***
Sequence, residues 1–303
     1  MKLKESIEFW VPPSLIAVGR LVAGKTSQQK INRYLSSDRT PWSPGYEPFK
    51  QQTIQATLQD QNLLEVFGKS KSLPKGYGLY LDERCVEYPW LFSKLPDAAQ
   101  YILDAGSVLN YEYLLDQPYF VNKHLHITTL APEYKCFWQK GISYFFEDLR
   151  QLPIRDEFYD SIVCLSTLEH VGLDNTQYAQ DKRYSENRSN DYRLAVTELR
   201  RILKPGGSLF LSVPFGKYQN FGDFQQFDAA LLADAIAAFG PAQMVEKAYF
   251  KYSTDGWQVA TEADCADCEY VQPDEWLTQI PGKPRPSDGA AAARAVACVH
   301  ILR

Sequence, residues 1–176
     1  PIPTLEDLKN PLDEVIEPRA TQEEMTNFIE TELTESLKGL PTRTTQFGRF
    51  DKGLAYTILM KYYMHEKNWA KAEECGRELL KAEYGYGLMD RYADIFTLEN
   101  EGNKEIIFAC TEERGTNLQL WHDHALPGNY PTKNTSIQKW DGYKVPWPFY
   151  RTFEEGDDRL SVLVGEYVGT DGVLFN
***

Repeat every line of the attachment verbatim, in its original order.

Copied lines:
Sequence, residues 1–303
     1  MKLKESIEFW VPPSLIAVGR LVAGKTSQQK INRYLSSDRT PWSPGYEPFK
    51  QQTIQATLQD QNLLEVFGKS KSLPKGYGLY LDERCVEYPW LFSKLPDAAQ
   101  YILDAGSVLN YEYLLDQPYF VNKHLHITTL APEYKCFWQK GISYFFEDLR
   151  QLPIRDEFYD SIVCLSTLEH VGLDNTQYAQ DKRYSENRSN DYRLAVTELR
   201  RILKPGGSLF LSVPFGKYQN FGDFQQFDAA LLADAIAAFG PAQMVEKAYF
   251  KYSTDGWQVA TEADCADCEY VQPDEWLTQI PGKPRPSDGA AAARAVACVH
   301  ILR

Sequence, residues 1–176
     1  PIPTLEDLKN PLDEVIEPRA TQEEMTNFIE TELTESLKGL PTRTTQFGRF
    51  DKGLAYTILM KYYMHEKNWA KAEECGRELL KAEYGYGLMD RYADIFTLEN
   101  EGNKEIIFAC TEERGTNLQL WHDHALPGNY PTKNTSIQKW DGYKVPWPFY
   151  RTFEEGDDRL SVLVGEYVGT DGVLFN